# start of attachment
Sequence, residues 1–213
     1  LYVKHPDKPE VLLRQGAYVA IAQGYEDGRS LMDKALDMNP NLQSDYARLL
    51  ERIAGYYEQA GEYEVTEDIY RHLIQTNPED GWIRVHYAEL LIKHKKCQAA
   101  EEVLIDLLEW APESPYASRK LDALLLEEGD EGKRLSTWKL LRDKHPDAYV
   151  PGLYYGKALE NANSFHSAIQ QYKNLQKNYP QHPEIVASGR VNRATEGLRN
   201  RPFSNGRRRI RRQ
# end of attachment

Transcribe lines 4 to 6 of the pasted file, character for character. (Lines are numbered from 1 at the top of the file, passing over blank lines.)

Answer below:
   101  EEVLIDLLEW APESPYASRK LDALLLEEGD EGKRLSTWKL LRDKHPDAYV
   151  PGLYYGKALE NANSFHSAIQ QYKNLQKNYP QHPEIVASGR VNRATEGLRN
   201  RPFSNGRRRI RRQ